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Apple Caramel Oatmeal Bars

apple caramel barsJust last week was Guy Fawkes day.  It is an annual commemoration observed on November 5, primarily in Great Britain. Its history begins with the events of November 5, 1605, when Guy Fawkes, a member of the Gunpowder Plot, was arrested while guarding explosives the plotters had placed beneath the House of Lords. Celebrating the fact that King James I had survived the attempt on his life, people lit bonfires around London, and months later the introduction of the Observance of 5th November Act enforced an annual public day of thanksgiving for the plot’s failure.

Settlers who came over to Newfoundland brought this tradition of lighting bonfires and it has continued ever since.  The town of Grand Falls-Windsor hosts a bonfire night and it has become quite the celebration.  People donate their wood and paper and a large bonfire is created, safely away from people’s houses.  Bonfire night is another ‘old world’ tradition that Newfoundland keeps alive.

Some rural communities also have bonfires with no connection to Guy Fawkes.  There may be a connection to ancient pagan customs instead. In Great Britain fires would be lit for Samhain (pronounced Saw-win) to appease the Celtic gods and bring light back to the dying sun.  Samhain becomes our modern Halloween, so it’s easy for the bonfire tradition to blend together, being only five days apart.

Because I’ve been playing around with molasses and apples and made the apple pandowdy, I found another great recipe you can carry with you.  These apple caramel bars are perfect as a snack sitting by the bonfire or later in the year when your bonfire is indoors. (Note: I mean your fireplace.  Please, for the love of God, don’t make a bonfire in your house.  Are ya stunned?)  These bars are moist and chewy from the oatmeal and the molasses gives it that unique Newfoundland taste.

Preheat your oven to 350F.  Combine flour, oatmeal, brown sugar, and baking soda in a bowl.  Add melted butter and molasses.  Mix until combined.  Press about half of the mixture into a parchment lined 9X13 pan.  Make sure to have the parchment come up the sides.  It will be easier to remove later.  Press down to make even layer, extending completely to all sides.  Bake for eight minutes.  Remove from oven to let cool slightly.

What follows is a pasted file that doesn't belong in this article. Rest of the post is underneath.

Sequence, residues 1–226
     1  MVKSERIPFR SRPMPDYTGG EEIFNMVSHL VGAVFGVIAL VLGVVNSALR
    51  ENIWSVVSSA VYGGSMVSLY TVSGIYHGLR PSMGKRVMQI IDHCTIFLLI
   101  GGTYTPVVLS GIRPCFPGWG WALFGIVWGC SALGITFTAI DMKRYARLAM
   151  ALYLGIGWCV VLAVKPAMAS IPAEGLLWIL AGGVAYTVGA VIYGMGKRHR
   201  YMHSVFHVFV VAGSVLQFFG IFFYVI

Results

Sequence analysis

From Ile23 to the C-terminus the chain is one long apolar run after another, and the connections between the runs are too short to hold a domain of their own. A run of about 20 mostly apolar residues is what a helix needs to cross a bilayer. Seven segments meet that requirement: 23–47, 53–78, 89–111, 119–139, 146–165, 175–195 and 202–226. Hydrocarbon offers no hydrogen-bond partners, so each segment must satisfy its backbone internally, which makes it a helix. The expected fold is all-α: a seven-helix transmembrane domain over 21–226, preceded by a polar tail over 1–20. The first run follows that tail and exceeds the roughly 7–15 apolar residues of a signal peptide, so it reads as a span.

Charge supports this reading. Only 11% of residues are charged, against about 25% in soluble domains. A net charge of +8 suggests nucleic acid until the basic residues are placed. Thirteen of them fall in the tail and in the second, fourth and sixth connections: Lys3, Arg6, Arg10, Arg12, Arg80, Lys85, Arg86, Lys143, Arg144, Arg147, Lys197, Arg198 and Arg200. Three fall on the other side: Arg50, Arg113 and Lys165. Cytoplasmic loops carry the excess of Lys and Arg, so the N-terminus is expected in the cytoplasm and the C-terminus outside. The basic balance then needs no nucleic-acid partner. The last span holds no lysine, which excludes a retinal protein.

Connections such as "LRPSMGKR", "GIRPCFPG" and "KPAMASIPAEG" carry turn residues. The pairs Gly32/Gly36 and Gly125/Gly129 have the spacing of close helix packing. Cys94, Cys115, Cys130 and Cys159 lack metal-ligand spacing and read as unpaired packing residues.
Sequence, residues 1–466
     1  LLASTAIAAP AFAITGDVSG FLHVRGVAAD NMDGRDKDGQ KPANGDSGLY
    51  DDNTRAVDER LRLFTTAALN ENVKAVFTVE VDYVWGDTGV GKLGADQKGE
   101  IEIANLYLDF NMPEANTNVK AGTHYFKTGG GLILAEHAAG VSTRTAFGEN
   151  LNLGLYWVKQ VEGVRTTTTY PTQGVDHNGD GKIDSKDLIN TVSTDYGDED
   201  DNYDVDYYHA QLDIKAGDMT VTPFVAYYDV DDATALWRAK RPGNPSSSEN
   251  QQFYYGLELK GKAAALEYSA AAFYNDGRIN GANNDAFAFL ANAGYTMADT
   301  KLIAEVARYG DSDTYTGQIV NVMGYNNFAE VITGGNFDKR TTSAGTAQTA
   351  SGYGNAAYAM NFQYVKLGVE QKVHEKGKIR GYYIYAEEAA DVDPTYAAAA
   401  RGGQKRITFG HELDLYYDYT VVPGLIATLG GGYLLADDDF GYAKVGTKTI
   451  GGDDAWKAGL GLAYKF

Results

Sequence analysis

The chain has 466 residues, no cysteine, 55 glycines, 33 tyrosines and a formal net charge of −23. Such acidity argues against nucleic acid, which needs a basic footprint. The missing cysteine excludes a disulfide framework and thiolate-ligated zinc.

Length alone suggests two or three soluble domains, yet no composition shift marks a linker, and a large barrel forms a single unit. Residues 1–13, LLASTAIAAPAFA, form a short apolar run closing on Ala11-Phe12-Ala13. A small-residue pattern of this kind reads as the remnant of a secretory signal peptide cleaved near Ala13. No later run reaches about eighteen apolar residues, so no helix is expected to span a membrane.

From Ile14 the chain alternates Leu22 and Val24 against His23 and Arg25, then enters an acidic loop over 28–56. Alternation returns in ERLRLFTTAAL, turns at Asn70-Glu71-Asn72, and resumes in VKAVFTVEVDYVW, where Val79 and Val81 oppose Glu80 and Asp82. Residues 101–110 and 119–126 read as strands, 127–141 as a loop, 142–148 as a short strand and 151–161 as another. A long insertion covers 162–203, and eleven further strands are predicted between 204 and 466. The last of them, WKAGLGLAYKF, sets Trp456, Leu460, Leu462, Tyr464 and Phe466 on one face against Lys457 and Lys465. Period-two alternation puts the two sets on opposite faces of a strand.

Peel, core, and slice apples.  I used Granny Smiths because I like the tartness against the sweetness of the molasses and caramel.  If you want to change it up, just make sure it’s a good baking apple.  Place apples on top of baked oatmeal layer.

Remove lid from caramel sauce and microwave for 30 seconds to one minute.  This will make it easier to pour over apples.  Use a glove to remove sauce from microwave.  This is warmed sugar.  It can get very warm.  Pour evenly over the apples.  If needed spread the sauce so it covers most of the apple layer.  I used President’s Choice Dulce de Leche sauce, but any caramel sauce will do.  Sobey’s has a Whiskey Caramel sauce which would be lovely.

Add remaining 1/2 cup flour to the leftover half of oatmeal mixture and combine.  Sprinkle topping on the caramel, remembering to cover all the dessert.  Bake for 25-30 minutes.

Let cool on rack completely before removing from pan.  If you like you can cool in the fridge and then cut.  If so, let it warm to room temperature before serving.  Enjoy as a bar, or cut larger pieces and serve with whipped cream.

Print Recipe
Apple Caramel Oatmeal Bars
These bars are a great treat after a cold day. Sit by the fire and have a bite.
Prep Time 20 minutes
Cook Time 30 minutes
Servings
bars
Ingredients
Prep Time 20 minutes
Cook Time 30 minutes
Servings
bars
Ingredients
Instructions
  1. Combine flour, oatmeal, brown sugar, and baking soda in large bowl or mixer.
  2. Melt butter in a microwave safe bowl. Add molasses to butter to combine. Add oatmeal/flour mixture and mix until no flour is showing.
  3. Press about half of the mixture into a prepare 9x13 pan lined with parchment. Make sure there's an even layer going all the way to the sides of the pan. Bake for eight minutes in a 350F oven. Remove and let cool slightly.
  4. Peel, core, and slice 3 cups of apples. Place sliced apples on cooled, baked oatmeal layer. Spread evenly.
  5. Microwave jarred caramel sauce until it's soft enough to pour: about 30 seconds to one minute. You want the sauce to still be thick, so soft enough to pour and spread. Pour evenly over apples.
  6. Add 1/2 cup flour to remained oatmeal mixture. Mix until flour is incorporated. Crumble mixture on top of caramel/apples layer. Make sure to coat evenly and cover the top completely. Bake for 25-30 minutes.
  7. Remove from oven and let cool completely before cutting into bars. Makes 32.
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Apple Pandowdy